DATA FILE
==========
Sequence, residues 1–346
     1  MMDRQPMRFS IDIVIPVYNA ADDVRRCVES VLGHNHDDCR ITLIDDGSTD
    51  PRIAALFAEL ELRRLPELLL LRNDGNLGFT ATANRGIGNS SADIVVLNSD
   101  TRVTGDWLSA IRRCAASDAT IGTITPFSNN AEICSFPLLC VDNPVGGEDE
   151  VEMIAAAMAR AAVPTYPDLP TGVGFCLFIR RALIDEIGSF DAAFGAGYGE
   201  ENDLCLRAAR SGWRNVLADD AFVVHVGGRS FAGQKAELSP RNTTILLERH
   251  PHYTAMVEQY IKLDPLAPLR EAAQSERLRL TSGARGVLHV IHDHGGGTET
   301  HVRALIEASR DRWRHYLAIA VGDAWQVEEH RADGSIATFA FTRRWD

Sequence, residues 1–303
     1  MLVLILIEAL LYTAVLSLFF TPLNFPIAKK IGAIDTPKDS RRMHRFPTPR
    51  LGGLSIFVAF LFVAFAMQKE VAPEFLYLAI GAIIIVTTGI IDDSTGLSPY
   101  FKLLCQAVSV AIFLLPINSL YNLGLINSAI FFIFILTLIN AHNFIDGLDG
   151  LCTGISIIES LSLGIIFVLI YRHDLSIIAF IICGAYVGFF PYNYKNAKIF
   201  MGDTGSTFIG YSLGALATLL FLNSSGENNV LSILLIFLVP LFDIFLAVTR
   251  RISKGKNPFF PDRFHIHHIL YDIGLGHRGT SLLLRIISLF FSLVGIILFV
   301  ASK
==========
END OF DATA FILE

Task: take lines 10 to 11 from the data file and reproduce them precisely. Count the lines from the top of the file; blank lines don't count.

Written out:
     1  MLVLILIEAL LYTAVLSLFF TPLNFPIAKK IGAIDTPKDS RRMHRFPTPR
    51  LGGLSIFVAF LFVAFAMQKE VAPEFLYLAI GAIIIVTTGI IDDSTGLSPY